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Industry exhibitions and conferences are a prime opportunity to get a firsthand sense of what is on our customers’ minds. And after three days at the European Business Aviation Conference and Exhibition (EBACE) in Geneva, Switzerland, it’s clear that the big topic on private and corporate aircraft operators’ minds is connectivity.

To be more precise, I heard two questions over and over again during the show:

  1. When will high-speed airborne internet connectivity be available globally?

While I don’t have control over the exact timing of when Ka-band connectivity (the connectivity type in question) will be first used by a paying customer, my answer is “Very soon.” We’ve already validated Inmarsat’s technology in our laboratories. And it’s even been installed and successfully used (meaning people on the aircraft were talking on FaceTime, watching Netflix, etc., while airborne) on a business jet that will be delivered by an aircraft maker this year. Probably not the precise answer some are looking for, but I assure you, it’s tantalizingly close.


  1. Will the high-speed Ka-band connectivity be just like what I have at home?

The answer to this question really depends on what people have at home. While there’s no question that Ka will provide the fastest connectivity option for operators to date, some homes have internet download speeds of 1.5 Mbps or even less, while others have well over 10 Mbps. An individual aircraft’s connection ultimately depends upon the package an operator selects, Ka speeds will allow up to 15 Mbps, fast enough to handle just about every demand, with a little left over. 

The Bottom line? Airborne Ka-band connectivity will be fast, it will be global, and it will change cabins and flight decks forever.

But if those are two questions that I heard frequently at EBACE, there really are two more that owner/operators should be asking when they think about high-speed global connectivity.

  1. How can I best manage data use at 41,000 feet?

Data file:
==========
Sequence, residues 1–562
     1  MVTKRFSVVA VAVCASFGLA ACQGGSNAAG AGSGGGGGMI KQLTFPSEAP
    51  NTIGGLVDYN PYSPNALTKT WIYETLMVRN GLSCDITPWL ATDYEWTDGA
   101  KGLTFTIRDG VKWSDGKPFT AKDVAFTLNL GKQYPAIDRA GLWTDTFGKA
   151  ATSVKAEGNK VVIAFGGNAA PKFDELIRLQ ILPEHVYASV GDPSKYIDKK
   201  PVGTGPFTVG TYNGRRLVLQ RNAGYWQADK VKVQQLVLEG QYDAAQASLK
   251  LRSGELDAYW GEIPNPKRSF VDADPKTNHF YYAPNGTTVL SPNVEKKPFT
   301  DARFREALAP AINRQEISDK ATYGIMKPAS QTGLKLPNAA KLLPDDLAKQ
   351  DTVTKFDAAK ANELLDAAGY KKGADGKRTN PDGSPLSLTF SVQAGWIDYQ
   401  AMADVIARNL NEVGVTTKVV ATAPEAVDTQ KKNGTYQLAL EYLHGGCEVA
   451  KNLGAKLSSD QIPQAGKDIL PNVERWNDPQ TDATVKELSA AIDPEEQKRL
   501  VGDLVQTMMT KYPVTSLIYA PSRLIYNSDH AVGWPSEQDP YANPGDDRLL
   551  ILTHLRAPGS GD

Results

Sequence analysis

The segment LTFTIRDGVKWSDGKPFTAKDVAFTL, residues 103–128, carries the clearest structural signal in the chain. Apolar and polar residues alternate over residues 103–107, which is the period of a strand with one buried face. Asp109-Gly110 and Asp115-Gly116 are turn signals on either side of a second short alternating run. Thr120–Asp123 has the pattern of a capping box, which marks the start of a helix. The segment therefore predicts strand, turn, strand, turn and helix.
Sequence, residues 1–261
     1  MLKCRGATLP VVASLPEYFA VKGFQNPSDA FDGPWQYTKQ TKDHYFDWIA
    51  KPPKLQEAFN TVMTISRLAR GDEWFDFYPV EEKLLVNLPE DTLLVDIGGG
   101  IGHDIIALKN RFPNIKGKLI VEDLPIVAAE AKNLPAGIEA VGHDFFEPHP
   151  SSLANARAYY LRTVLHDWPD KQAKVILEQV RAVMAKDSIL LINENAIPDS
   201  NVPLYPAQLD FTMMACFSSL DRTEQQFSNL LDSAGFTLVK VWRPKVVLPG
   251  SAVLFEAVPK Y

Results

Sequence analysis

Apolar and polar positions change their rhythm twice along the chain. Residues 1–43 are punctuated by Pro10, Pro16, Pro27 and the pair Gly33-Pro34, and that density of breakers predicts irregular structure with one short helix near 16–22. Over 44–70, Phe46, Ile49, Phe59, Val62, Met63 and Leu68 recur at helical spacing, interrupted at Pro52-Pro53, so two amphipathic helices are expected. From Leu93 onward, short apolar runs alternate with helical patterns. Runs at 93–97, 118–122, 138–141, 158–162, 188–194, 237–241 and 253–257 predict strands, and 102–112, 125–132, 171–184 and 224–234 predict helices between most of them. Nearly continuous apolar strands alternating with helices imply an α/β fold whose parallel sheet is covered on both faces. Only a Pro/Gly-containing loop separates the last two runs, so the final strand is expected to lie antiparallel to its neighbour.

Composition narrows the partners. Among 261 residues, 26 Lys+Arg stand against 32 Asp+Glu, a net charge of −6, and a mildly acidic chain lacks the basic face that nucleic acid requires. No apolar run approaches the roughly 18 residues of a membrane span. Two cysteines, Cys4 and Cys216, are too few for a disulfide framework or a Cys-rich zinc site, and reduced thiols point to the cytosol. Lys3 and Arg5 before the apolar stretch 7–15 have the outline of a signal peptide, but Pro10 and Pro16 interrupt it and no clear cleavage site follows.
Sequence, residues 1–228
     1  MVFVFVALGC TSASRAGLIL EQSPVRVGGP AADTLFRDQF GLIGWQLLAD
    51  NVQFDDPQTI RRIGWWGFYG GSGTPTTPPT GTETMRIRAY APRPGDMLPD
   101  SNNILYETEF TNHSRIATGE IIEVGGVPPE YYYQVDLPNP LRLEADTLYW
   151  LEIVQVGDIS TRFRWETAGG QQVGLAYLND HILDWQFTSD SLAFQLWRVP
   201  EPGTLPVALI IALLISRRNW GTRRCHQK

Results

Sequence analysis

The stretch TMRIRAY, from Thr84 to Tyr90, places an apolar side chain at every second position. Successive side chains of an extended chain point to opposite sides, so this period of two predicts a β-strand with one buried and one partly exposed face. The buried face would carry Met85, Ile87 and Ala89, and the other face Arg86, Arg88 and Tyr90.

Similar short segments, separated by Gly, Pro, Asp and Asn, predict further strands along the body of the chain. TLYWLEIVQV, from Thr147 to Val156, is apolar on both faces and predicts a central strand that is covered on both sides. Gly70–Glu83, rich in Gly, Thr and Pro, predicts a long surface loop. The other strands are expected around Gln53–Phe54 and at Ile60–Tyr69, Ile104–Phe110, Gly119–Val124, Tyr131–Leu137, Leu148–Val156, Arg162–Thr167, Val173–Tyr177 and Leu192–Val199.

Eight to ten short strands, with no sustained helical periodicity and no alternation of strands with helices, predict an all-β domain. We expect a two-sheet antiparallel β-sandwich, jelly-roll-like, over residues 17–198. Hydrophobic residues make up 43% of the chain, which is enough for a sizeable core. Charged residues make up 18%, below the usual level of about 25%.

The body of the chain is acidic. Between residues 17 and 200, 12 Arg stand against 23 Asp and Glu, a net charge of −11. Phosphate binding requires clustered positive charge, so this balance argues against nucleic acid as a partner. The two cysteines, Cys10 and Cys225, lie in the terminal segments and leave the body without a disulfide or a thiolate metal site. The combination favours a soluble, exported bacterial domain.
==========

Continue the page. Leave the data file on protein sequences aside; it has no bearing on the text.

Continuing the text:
The right service provider will help operators understand the best methods for managing data use. A great example is application updates that happen automatically in the background on your laptop or smartphones. Perhaps flying over the Atlantic Ocean is not the best time for those updates to occur. Look for providers who offer solutions that allow them to take control of the data being used onboard their aircraft.


  1. What if I have an issue with my service? How can I ask for help?

If an issue arises at any point of the end-to-end connectivity solution, look for a provider who can help you address the issue efficiently and with the least amount of impact to your flight operations. Most essential to troubleshooting issues is working closely with your service provider to take advantage of their technical expertise. This could mean a video chat, a phone call with technical support or a live visit from a field service technician.

Right now, everyone’s excited — just like before a big sporting event or a concert — for faster internet in the sky, and we’re on the cusp of it happening. And just like any big sporting event or concert, you usually need help to your seats. My advice—accept the help. On the surface, high-speed connectivity may seem like a simple thing because it’s prolific on the ground, but enabling internet in the air is a more complex proposition. Find a Ka-band service provider you can trust to “help you to your seat.”


Dave Poltorak

Dave Poltorak is vice president and general manager, Information Management Services for Business Aviation at Rockwell Collins, which includes ARINCDirect℠ Cabin Connectivity.

P.S. Rockwell Collins had a busy spring in the business aviation marketplace. In April we announced that Zetta Jet selected us to offer JX connectivity across its entire fleet of aircraft.  Last week we made news with new ADS-B -driven airspace modernization packages for Pro Line 21™-equipped King Air aircraft. We also announced certification of Rockwell Collins’ FANS 1/A solution for Dassault 50EX aircraft. And at EBACE we announced our Venue™ cabin management system was chosen for Bombardier’s Global 5000/6000 aircraft, and we introduced HD upgrades for Gulfstream cabins and the first upgrade from our legacy CES cabin entertainment system to Venue.